Is Hollywood Really Dead?

28 Sep

While tidying up the shelves in work, a song came on by Michael Buble. Not being a massive fan, I’d never really properly listened to the lyrics of any of his songs (except singing along in my very talented, beautiful voice of course) but after hearing a few of them I began to think.

The title is quite deliberating itself; Hollywood is dead. This got me thinking. Hollywood certainly isn’t what it used to be; in fact popular culture is the same but times have changed.  I’m going to take some liberty in this article and talk not just about Hollywood but also music stars and other stars of entertainment.

When The Beatles became famous, they were thought of as rebellious because they had longer hair, whereas rebellion now a days is Miley Cyrus rubbing herself with a foam finger and Lady Gaga dancing around in a thong. One could argue that these things, although they do sell the music, take the attention away from the music itself. Back in the sixties, the Beatles were rebellious initially because they played rock n’ roll music, not because of their shenanigans.

With social media and paparazzi at an all time high, the normal things discussed are who was seen together, how thin/fat someone is; basically gossip. For example, most of the press on Justin Bieber consists of him being late for concerts or of him spitting on his fans. Not that these aren’t issues and events that need to be discussed, but the focus shifts from that of their music. While you can argue that this is happening more and more in recent times, back in the 80’s the only real entertainment news I can find is Ozzy biting the head off a bat. In conclusion, any big gossip in the entertainment world is particularly difficult to find. However most of my research is done online and this got me thinking that as the Internet is a fairly recent phenomenon then this may be the reason that gossip about celebrities has gotten so high and become normal. Indeed some entertainment gossip features are seen on the news.

While watching The Big Reunion, many of the cast spoke about their depression and the pressures of fame, as well as their loss of control due to it. However this may not be a new thing – Marilyn Monroe is famous for her feelings of being trapped as seen in some of these quotes: “It’s often just enough to be with someone. I don’t need to touch them. Not even talk. A feeling passes between you both. You’re not alone.” and “A career is wonderful, but you can’t curl up with it on a cold night.” Indeed the magnitude and pressure of fame have sometimes thought to have pushed some celebrities to suicide, such as Marilyn Monroe from an overdose of barbiturates or Heath Ledger from prescription drug intoxication, while both may not be suicide, the result of the medication they were taking may be from the stresses and pressures of celebrity life and from the paparazzi and gossip. Indeed the gossip and paparazzi may have gotten a lot worse in recent years but these two celebrities were many decades apart, meaning that life for celebrities was also hard back then and wasn’t always the glitz and the glamour.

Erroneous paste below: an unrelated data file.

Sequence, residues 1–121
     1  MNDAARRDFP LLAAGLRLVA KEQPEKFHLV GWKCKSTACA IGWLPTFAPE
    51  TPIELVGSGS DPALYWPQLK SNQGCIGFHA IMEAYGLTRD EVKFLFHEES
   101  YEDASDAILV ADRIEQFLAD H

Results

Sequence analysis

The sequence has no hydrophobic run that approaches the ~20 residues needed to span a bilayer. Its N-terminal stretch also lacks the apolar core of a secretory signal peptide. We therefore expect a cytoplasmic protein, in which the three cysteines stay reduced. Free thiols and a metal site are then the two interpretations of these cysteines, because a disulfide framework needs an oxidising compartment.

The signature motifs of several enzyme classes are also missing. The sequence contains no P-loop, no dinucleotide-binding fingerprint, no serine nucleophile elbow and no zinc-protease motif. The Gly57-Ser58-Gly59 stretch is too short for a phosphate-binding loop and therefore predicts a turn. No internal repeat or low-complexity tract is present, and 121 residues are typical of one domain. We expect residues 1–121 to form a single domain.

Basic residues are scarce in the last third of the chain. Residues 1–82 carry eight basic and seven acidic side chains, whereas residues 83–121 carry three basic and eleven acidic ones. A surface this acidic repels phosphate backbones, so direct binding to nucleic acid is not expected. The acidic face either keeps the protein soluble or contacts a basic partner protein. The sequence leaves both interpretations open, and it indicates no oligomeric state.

Hollywood; the big sign on the side the hills of Los Angeles, California promotes the height and Godly approach that Hollywood is meant to suggest but has this all been lost now? There are still some ‘stars’ among the celebrities who have been working for many years like Johnny Depp or George Clooney but celebrities who are famous for being famous may change this. The glamour hasn’t gone from Hollywood, we still have the red carpets, awards shows and sparkly dresses but the metaphorical glamour of being a celebrity in Hollywood, or that of popular culture, may truly have disappeared.

About the writer: Becky has just finished a degree in English and Creative Writing and is very happy with her 2:1. She is friendly, bubbly and just so happens to be the co-creator of Yellow Bunting. She hopes you enjoy it and that you get involved!

Friends for Life!

17 Aug

One of the most awkward times in my life was when I was in college. A group of us were planning a charity gig and trying to attract an audience, a friend of mine turned to another member (who didn’t hang around with us much) and said for him to ‘invite your friends’, his response? ‘I don’t have any friends’. Which then lead to a very uncomfortable atmosphere. Friends are a very important part of life. They relax you, offer you advice, act as a social aid, and help you not to go too mad. When I moved back home from university, I was afraid that I wouldn’t have many friends. So much so, (and as difficult as this is to admit), I even wrote a list of friends I had to make myself feel better.

So who are friends? People say that university friends are for life. I don’t speak to quite a lot of my friends from there, not because of anything in particular but we have just lost contact. It probably doesn’t help that 2 of them have been until very recently or are still, in America. My other group of friends I meet up fairly regularly with and would count these more so as friends back home. And there’s Daisy, who although I don’t really see very often, is the co-manager of Yellow Bunting! This helps us keep in touch with one another. You see, I love all of my friends but life gets in the way. Especially when some live in what can be seen as another country. Well, England, which, yes I know it is still Britain but still it’s quite far! And so they are sometimes harder to keep in touch with than those living in the same place and near to me. My point? University friends may be for life but at the end of your studies, more often than not, everyone goes back to their hometowns or pursues a career, which usually isn’t in a place with their university peers.